2 of 2 people found the following review helpful
Verhoeven's Original Blond With a Taste for Blood,
This review is from: The 4th Man (DVD)
For me this film held the most interest in the respect that it was early Paul Verhoeven, something I had never seen before. This was a quality experience that gave insight into his later work and created more curiosity for me about his earlier work. It does have a little trouble taking flight at the beginning, but once it does it provides the viewers with a worthwhile script and an intriguing ending. The story follows Gerard as he travels by train to give a literary speech. Once in the new town he hits it off with a good looking blond named Christine who has femme fatale written all over her. If only our hero had had the opportunity to see "Basic Instinct" before this journey of his perhaps he would have used more common sense. This controversial author with a focus on death gives in to her sexual demands even though he is quite clearly a homosexual. He decides to stay in her house for a few more days as a sort of live in sex toy. This leads to something of a problem as his snooping ways get the best of him and he soon discovers that Christine has been married three previous times. Plus, all of her exes have died and she has some very suspicious videos of them immediately before their deaths. Paranoia grows on top of paranoia in his mind after he concludes (rightfully) that all of her previous beaus have passed. I should point out that this whole Sherlock Holmes thing he is doing is not just out of innocent curiosity. No, you see, it is all part of a master plan to get close to Christine's other lover who Gerard has a thing for. . .real bad.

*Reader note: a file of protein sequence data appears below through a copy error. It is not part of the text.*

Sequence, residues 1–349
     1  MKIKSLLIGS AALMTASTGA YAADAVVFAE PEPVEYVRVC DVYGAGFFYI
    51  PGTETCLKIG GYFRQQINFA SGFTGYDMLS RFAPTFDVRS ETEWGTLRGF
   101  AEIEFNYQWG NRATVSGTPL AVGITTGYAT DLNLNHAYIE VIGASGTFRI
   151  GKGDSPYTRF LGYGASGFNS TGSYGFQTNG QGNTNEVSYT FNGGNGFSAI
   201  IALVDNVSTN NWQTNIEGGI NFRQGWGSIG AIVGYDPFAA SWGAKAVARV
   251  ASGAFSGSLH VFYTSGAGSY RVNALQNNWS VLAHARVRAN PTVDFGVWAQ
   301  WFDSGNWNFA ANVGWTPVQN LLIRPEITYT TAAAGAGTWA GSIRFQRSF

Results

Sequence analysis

The thing that pushed this film over the edge from an OK one to a good one is the ending. It is left up to you to decide the truth about the situation. This is a tricky device to use as nobody really wants to spend two hours just to be left in the dark. The title refers to Gerard's theory that Christine plans on killing four men, and by the end of the film a fourth man connected to her has died. But is he truly the 4th Man? Or is it all part of a terrible run of luck for her? What about the film reels he finds? And what about the final death which certainly looks orchestrated by nobody other than fate. There are other questions to be found here as well. The whole film has a nice surreal quality to it. The dream sequences are disturbing and morbid. Many of them foretell the future, but we of course don't know it at the time. I also liked the way it swam in its own delicious sleaze. For instance, near the end Gerard and his object of lust find themselves in a tomb on the verge of sex. But it's not just any tomb, it is the tomb of Christine's three dead husbands. Oh please. Like they would really be buried together and like these two guys would just accidentally stumble in there for some recreational activities. I also liked the way they played with out perceptions of reality. We all see what we want to see. But Gerard is a drunk, Catholic writer, so he really sees what he wants to see. So I ask you, what did he see? Was he a crazed madman with no feel for truth or a perceptive onlooker who spoke the truth when nobody else dared to? ***1/4